The Ministry of Culture is awaiting feedback from other ministries and agencies for a draft regulation that would obligate people granted international protection to compensate the government for the cost of language studies if they fail to finish the course.
The regulation is coming from the Culture Ministry since refugee adjustment policy moved to its administrative area from May 1, 2021.
The draft regulation provides that legislation governing granting foreigners international protection obligates the latter to observe Estonia's constitutional order and laws, respect constitutional values and principles, state based on freedom, justice and law, the organization of the Estonian society, Estonian language and culture. Adults who qualify for international protection are obligated to participate in an adjustment program and learn Estonian.
International protection recipients are obligated to complete Estonia's free adjustment program training and A1 language course.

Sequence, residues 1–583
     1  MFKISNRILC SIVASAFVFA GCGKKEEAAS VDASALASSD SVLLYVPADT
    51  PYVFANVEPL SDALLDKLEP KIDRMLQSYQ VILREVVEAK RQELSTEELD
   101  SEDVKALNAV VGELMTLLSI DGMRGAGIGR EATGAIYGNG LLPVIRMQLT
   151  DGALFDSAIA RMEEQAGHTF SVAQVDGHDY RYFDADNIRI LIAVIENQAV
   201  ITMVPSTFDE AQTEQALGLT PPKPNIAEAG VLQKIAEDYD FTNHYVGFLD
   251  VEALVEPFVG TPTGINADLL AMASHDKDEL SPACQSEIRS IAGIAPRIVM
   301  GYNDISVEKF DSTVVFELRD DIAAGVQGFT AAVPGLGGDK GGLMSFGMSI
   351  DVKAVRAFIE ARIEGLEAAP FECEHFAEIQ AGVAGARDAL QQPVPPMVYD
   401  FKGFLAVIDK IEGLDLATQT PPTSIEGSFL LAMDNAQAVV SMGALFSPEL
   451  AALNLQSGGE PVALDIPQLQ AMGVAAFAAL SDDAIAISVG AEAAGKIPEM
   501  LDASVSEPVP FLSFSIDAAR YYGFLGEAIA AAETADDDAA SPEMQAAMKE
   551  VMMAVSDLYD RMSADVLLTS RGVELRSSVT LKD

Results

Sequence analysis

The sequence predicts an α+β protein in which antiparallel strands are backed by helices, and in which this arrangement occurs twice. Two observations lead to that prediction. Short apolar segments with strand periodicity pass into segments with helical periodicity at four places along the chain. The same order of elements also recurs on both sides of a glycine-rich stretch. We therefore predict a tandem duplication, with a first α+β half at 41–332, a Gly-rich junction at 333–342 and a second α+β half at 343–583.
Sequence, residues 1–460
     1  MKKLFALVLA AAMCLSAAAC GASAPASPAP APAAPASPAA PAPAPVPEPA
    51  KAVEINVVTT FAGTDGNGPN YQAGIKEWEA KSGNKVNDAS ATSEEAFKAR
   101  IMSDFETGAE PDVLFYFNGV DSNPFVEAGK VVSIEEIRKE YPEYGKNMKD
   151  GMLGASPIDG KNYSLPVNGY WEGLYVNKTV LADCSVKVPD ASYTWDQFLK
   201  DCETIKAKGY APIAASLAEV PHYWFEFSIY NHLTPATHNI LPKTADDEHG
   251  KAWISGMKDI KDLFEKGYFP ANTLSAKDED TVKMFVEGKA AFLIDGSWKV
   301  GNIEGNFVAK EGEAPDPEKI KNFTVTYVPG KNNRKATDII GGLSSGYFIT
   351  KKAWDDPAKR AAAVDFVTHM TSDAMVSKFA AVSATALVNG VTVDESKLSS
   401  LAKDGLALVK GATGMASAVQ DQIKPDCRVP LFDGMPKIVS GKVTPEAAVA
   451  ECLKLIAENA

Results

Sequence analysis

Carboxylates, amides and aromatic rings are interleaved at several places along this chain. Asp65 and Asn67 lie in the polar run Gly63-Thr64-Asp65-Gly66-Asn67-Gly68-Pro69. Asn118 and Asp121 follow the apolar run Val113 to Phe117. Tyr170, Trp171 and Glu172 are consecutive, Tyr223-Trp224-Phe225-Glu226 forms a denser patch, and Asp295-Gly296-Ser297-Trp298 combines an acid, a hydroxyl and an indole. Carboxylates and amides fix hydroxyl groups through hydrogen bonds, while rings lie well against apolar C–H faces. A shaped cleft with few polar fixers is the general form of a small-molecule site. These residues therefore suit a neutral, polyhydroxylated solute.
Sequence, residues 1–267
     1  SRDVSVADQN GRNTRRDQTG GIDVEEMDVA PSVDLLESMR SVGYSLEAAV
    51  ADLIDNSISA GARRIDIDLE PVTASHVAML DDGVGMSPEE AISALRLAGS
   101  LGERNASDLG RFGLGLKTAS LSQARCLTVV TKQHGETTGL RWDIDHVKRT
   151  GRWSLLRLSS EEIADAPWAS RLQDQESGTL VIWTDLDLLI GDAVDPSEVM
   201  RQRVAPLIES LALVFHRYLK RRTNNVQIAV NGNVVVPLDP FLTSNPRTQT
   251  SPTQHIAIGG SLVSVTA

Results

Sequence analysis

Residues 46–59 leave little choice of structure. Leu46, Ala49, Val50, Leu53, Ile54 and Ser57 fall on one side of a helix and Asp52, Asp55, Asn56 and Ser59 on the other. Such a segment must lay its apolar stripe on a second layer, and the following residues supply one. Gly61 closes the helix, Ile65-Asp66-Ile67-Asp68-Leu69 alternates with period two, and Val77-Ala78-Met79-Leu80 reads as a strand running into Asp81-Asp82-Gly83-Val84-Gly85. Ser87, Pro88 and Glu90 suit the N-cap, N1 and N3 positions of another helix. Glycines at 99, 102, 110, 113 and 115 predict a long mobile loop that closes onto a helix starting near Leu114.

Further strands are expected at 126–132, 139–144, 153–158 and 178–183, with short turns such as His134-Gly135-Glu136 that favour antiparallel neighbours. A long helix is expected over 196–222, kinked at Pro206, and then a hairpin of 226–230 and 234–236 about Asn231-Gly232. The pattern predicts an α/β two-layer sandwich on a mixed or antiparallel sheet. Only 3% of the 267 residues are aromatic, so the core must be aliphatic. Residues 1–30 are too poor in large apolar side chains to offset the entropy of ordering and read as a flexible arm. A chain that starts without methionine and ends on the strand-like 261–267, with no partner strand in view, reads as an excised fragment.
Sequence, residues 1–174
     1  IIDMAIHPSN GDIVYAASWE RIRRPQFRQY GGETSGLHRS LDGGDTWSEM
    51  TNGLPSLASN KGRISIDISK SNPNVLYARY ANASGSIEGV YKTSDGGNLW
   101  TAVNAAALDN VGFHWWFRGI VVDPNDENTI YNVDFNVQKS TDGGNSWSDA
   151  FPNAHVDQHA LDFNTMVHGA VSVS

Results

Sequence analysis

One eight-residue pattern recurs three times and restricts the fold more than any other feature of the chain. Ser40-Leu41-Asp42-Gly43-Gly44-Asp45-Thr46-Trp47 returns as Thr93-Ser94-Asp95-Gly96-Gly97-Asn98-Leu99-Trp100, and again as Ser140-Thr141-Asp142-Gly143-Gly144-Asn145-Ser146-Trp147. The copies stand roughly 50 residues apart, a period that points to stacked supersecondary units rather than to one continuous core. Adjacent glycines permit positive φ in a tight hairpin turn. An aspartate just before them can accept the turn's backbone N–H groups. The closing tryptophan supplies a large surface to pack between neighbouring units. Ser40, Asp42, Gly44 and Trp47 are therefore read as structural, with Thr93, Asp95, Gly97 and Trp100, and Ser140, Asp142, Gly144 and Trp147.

As of March 24, Estonia had granted temporary protection to over 23,000 adults who will need to learn A1-level Estonian.
By April 17, 10,000 people had been designated for the A1 Estonian course of whom 2,546 had completed it, 5,229 has started and 467 were waiting in line for a total of 8,242 reactions or 82 percent of those for whom the course is mandatory.
Of the 2,546 people to complete the course 2,341 have done so successfully. "It is important to point out that study motivation tends to be lower in the case of forced displacement when compared to ordinary migration, whereas people in this particular target group can get most things done using Russian, which further lowers motivation," the draft regulation reads.
Another problem is that demand outstrips supply when it comes to language training. Estonia has commissioned around 15,000 language training places this year, which is all the market has to offer."
The regulation reads that if an international protection recipient fails to perform the obligations created upon registering the service providers will require them to cover the program cost.
The latter is calculated based on the cost of a single lesson as provided in the tender and the number of lessons before the person quit.
The training provider can exempt international protection recipients from paying for the training if they find that they had a good reason for failing to participate and complete the course.
Those affected have six months in which to pay back the training cost from the moment the relevant decision is made.
Editor: Marcus Turovski